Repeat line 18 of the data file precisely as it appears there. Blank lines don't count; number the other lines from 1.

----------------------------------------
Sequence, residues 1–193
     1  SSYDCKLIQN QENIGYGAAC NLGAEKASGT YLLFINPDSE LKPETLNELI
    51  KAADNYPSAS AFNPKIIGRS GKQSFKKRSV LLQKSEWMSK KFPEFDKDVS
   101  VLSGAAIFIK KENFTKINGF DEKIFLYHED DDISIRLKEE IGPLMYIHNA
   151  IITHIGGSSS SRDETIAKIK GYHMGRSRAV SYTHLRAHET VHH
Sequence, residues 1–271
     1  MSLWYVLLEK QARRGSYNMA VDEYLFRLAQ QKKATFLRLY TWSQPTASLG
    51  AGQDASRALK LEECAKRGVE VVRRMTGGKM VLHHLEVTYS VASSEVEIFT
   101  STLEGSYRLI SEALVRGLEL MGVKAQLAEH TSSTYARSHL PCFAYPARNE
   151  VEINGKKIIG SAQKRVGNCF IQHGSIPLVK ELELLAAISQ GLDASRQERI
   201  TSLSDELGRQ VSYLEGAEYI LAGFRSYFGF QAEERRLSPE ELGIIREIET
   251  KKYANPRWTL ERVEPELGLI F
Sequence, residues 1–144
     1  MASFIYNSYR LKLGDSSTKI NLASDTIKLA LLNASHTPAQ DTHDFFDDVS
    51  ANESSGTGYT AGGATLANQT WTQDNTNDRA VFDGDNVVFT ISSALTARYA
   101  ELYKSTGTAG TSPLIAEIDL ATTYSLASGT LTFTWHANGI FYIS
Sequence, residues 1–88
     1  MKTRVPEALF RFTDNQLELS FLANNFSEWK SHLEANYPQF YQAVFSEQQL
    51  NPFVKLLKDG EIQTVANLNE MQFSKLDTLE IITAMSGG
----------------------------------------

     1  MKTRVPEALF RFTDNQLELS FLANNFSEWK SHLEANYPQF YQAVFSEQQL